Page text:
Hong Kong universities required to hold weekly flag-raising ceremonies

  • Tertiary institutions will have to fly national flag every day during term time and hold a ceremony at least once a week
  • Guidelines on the proper flag etiquette will also be released at a later date
South China Morning Post |

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New guidelines on flag-raising in all educational institutions will take effect on January 1 next year. Photo: SCMP/K. Y. Cheng

Hong Kong’s education chief has revealed that tertiary institutions will also have to hold national flag-raising ceremonies in line with new guidelines issued to primary and secondary schools.

Universities will have to fly the national flag every day during term time and hold a ceremony at least once a week under new rules announced last Monday.

Secretary for Education Kevin Yeung Yun-hung told lawmakers on Monday his bureau had already sent letters to universities informing them of the guidelines.

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“Under the revised National Flag and Emblem Ordinance, universities and colleges should also follow this requirement,” Yeung said, responding to a question from lawmaker Junius Ho Kwan-yiu during an education panel meeting.

“They will have to make reference to the guidelines we issued and raise the flag every day and hold a ceremony each week … we will follow up on the implementation later on.”

The new guidelines – which take effect on January 1 next year – were issued after the Legislative Council last month amended the ordinance to ban turning the flag upside down and its casual disposal.

The move is aimed at promoting national education and to “help students develop a sense of belonging to the country, an affection for the Chinese people and enhance their sense of national identity”.

Guidelines on the proper flag etiquette will also be provided. Photo: SCMP/Sun Yeung

The guidelines issued last week did not specify whether universities would have to comply, but gave leeway to kindergartens, which should observe them “as far as conditions permit”. International schools were “encouraged” to do so.

Meanwhile, Ho also asked whether the Education Bureau would consider bringing in volunteers, such as retired teachers who could be retrained, to ensure compliance with the new national flag and emblem rules.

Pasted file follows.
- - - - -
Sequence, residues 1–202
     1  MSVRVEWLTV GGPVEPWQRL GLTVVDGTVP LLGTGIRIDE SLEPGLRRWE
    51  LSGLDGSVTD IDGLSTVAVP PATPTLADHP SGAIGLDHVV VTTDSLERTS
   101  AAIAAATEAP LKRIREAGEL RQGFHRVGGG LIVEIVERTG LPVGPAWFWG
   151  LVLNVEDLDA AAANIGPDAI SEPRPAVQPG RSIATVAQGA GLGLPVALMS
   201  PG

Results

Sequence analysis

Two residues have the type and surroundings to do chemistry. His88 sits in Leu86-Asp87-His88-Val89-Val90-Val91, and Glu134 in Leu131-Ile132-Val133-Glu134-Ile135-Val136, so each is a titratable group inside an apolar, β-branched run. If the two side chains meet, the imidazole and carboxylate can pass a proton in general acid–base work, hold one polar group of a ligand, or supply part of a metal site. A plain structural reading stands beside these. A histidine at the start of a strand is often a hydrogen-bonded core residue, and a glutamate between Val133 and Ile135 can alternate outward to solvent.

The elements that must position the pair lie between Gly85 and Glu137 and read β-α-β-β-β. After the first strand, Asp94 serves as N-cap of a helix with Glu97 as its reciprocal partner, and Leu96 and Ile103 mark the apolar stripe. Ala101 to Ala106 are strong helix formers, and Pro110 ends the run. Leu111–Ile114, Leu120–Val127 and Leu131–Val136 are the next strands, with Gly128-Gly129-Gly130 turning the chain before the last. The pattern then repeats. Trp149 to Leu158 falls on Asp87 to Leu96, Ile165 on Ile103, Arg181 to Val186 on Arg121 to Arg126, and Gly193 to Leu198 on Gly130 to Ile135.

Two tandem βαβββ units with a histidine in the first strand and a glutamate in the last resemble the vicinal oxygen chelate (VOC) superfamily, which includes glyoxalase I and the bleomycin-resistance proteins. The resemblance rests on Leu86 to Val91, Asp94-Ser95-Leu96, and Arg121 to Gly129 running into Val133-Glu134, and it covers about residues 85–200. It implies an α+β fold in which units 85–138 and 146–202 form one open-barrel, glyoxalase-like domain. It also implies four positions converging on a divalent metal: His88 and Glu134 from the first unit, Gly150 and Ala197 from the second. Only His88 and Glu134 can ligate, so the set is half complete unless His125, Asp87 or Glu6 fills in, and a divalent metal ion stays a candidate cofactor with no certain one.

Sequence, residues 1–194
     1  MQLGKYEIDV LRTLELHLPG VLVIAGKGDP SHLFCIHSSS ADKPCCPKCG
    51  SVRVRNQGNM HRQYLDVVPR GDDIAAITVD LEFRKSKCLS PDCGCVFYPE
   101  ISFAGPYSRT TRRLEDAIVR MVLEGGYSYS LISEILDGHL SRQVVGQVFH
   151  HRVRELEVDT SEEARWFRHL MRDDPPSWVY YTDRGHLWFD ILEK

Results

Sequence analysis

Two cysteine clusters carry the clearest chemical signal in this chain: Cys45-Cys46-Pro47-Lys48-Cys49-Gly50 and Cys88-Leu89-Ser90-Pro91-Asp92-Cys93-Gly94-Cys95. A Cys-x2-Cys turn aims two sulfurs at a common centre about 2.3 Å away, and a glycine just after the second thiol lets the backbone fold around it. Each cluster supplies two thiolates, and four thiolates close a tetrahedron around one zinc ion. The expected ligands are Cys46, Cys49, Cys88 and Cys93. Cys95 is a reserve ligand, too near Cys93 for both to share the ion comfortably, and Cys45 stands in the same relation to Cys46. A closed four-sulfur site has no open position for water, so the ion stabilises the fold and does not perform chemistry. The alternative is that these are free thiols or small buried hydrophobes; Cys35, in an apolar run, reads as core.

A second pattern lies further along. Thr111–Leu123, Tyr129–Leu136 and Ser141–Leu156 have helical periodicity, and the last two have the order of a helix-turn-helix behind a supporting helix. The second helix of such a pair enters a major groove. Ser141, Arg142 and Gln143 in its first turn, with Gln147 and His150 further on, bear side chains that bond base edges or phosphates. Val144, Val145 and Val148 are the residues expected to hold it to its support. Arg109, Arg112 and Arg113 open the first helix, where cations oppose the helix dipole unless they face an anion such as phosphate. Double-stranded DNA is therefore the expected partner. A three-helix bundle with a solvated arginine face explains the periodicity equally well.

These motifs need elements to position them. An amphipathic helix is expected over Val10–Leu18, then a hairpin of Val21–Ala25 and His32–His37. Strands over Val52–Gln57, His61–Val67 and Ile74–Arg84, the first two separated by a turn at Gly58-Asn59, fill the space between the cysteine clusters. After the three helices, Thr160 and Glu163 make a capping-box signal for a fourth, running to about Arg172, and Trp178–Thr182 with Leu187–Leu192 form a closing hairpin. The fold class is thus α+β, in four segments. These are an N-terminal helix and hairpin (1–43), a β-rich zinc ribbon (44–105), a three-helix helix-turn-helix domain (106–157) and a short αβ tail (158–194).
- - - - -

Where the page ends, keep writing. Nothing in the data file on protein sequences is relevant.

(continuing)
“We have heard some primary and secondary school principals coming up with excuses such as students may not have the energy to take part in the ceremonies,” he said. “These are merely trying to defy the rules, should the bureau have a monitoring system?”

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Yeung said an existing legal framework for inspection already existed, but he did not rule out working with different “community groups to improve how the [flag-raising] works in schools”.

He added the bureau would release guidelines to teach schools the proper flag etiquette and how they should instruct students. “But students will also have to learn,” Yeung said.

He also said the bureau had faced some barriers to sending teachers to mainland China for training and exchange opportunities on national security education, as the coronavirus pandemic had stopped cross-border travel.

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Yeung said he hoped to organise larger group trips in the future, but even locally there were experts who were available to provide the relevant training.

Meanwhile, lawmaker Priscilla Leung Mei-fun asked if the education authorities would take the lead on monitoring which books could be sold in local shops, after she and other politicians had criticised Taiwanese chain Eslite’s Hong Kong branch for selling a title they claimed “glorified foreign invasion”.

“Eight-Nation Alliance is a Righteous Army” is sold out at all Eslite stores in city after pro-Beijing media blasted it for glorifying foreign invasion of China. Photo: Handout

The book, Eight-Nation Alliance is a Righteous Army by Beijing-born Liu Qikun, claimed the invasion of Beijing in 1900 by troops from eight foreign powers, led by Japan, Britain, the United States and Russia, had helped prevent China from regressing and being split by external powers.

However, Yeung said his bureau had no authority over commercially sold titles, but would issue approved book lists after reviewing the publications and ensure none with “inappropriate content” was brought into schools.

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